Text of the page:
Point number three -- make the connections.  And so if we don't do business with companies and we do business with people, what are people focused on in the 21st century?  I've just suggested a transition.  Let me tell you where it started.

His name was Martin Luther King, Jr.  In 1968, he was focused on something called the "Poor People's Campaign," 1968, about poor whites because there are more poor whites than poor anybody else in America today, poor Latinos, poor African-Americans, poor Asians, moving them all up the economic ladder, because he realized you couldn't legislate goodness and you couldn't pass a law to force someone to respect you.  The only way to social justice in a capitalist country was through economic parity, but he was also a liberal minister.  And so his ministry fed into his work, and his mission was a redistribution-of-wealth mission, which I believe is what got him assassinated in 1968, three weeks before the march on Washington for the "Poor People's Campaign."

My mission is not a redistribution-of-wealth model.  My mission is a creation-of wealth model. You don't have to cut up a poverty pie; you can expand it.  Now, that does not suggest that I'm in conflict with Dr. Martin Luther King, Jr.  It suggests that he was on a stepping-stone to the next movement and simply wanted somebody else to pass the baton to.  So what am I saying in English?  It's not about black, red, or brown; it's about green.

Number four -- support an institution of change.  Support an institution of change.  My institution is called Operation HOPE.  I founded it in 1992 after the riots in Los Angeles, the worst riots in U.S. history.  We had a $61,000 operating budget, one employee, and a vision to change the world and to eradicate poverty, and everybody laughed at me.  It was America's first nonprofit social investment bank to which people said, "Nonprofit social investment bank -- that's an oxymoron, and, John, you're a moron."  We had a $61,000 budget, as I just said, a visit to change the world.  I'm 26 years old.  People did a wonderful thing.  They wrote me off.  They dismissed me. They said it won't amount to much.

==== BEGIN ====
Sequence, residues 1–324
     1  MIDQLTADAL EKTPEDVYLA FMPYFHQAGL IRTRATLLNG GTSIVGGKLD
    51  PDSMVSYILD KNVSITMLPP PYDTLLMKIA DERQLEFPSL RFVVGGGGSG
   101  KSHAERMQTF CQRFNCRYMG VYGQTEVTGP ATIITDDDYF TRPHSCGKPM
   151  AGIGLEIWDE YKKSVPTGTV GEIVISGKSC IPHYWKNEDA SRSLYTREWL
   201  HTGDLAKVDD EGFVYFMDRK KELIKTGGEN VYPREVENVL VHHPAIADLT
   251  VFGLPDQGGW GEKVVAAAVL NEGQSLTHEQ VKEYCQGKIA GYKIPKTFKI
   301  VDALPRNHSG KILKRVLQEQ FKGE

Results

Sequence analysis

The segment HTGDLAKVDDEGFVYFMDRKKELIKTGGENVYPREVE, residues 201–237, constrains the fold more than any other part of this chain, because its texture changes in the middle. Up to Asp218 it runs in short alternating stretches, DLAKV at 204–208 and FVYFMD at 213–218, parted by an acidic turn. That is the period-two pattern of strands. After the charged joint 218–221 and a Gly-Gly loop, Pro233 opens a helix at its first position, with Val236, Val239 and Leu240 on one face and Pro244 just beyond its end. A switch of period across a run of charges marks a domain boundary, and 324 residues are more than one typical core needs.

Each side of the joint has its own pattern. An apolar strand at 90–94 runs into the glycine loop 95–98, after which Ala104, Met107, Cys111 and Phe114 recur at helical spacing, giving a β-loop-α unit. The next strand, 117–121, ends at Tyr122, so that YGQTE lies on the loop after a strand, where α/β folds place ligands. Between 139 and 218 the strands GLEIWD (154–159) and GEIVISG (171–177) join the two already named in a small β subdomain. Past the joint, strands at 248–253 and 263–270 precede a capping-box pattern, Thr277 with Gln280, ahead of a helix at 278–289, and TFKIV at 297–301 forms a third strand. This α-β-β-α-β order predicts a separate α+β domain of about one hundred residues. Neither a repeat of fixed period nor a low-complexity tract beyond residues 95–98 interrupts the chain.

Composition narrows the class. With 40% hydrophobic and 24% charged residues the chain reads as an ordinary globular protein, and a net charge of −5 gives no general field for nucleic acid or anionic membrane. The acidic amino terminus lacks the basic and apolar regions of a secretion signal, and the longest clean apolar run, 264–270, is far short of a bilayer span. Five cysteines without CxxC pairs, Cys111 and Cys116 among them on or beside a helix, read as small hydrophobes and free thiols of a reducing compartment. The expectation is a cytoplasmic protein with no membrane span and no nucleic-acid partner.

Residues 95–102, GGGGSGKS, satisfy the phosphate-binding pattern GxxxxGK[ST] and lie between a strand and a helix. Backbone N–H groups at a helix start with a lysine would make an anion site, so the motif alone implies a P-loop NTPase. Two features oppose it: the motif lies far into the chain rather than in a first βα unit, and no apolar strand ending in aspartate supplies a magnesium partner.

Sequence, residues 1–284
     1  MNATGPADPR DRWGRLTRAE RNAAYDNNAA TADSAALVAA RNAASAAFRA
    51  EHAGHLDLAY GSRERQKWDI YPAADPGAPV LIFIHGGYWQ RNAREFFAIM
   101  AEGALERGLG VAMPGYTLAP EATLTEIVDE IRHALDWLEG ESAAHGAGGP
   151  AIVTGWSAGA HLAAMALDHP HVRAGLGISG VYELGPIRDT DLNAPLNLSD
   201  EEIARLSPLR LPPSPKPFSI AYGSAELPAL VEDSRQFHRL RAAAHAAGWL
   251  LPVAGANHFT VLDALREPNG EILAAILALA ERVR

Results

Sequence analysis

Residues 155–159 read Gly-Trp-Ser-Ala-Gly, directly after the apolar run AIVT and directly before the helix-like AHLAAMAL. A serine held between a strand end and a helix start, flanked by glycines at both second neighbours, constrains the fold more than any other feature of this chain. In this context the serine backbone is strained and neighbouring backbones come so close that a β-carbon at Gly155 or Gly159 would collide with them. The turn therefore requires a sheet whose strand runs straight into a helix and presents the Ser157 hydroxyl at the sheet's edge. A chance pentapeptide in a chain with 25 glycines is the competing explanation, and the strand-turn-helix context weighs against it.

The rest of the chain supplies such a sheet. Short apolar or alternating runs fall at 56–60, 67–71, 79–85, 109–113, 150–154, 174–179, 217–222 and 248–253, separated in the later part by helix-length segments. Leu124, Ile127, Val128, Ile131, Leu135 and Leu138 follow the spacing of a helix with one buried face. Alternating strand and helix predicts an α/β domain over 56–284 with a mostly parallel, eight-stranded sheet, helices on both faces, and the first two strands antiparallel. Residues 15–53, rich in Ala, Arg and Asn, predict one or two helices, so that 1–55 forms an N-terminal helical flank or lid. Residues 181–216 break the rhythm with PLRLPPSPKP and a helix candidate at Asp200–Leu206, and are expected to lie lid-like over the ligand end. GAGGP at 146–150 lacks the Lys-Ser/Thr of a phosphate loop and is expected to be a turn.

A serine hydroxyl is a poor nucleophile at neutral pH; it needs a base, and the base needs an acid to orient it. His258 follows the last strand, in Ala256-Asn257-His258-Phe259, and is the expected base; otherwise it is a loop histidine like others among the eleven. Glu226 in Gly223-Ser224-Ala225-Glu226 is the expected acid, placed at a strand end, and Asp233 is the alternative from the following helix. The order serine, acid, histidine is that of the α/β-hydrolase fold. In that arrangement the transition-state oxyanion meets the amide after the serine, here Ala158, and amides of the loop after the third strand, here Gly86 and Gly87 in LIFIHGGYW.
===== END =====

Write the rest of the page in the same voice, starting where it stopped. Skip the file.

Today, David's wrong.  We have a $6m annual operating budget.  This year I'll raise $10m in a down economy.  We are in nine states.  We have nine nonprofit companies within our umbrella.  We have 38 CEOs of major banks on our national board of directors and other folks like Jack Kemp.  We have funded $110m in loans, with $170m in commitments all across this country, creating over 600 homeowners and 100 small business owners.  And out of all of those loans, the market-rate loans made by 130 FDI-insured banks.  In nine years, not one home loan has ever gone bad.

My mission is poverty eradication and empowerment.  I believe in a partnership between the government, the community, and the private sector. My mission is bipartisan and inclusive.  He mentioned to you I hosted President Bush on April 29 of last year.  What he didn't mention is I also hosted President Clinton on April 24 of last year.  I want to get everybody under this big tent of hope, opportunity, and empowerment because we can't solve poverty if it’s a partisan issue.  You cannot solve poverty if it's a partisan issue.  It's an American issue, and it's all of our issue, and we should all be concerned with it.

Nine companies, what's our mission?  Conversion.  Converting check-cashing customers into banking customers.  I hate check cashers.  I'm on record as saying I think it's a morally repressive business.  I think it is a horrible, horrible, horrible business.  I bought a check casher.  If you can't beat 'em, buy 'em.  I partnered with Union Bank of California, $40b in assets. We acquired the most ethical check casher in South Central L.A. Six hundred thousand customers, 47 locations, because Jesus met you where you work and said, "Let's go from here."  So 600,000 people chose to go to a check casher.  Either good or bad, that's the choice that they made.  We met them there.

Let me tell you the results.

We got them out of the check-cashing business and into the conversion business.  Union Bank opened 30,000 new accounts last year in six states. Three thousand of those accounts, or 10 percent of their entire business, came from us from that check casher in South Central Los Angeles.  Three thousand customers moved from a check-cashing customer to a banking customer, moving them up and out of poverty.  You can do well and do good. You can do well by doing good.  It is enlightened self-interest because we're all wrapped up in the same fight.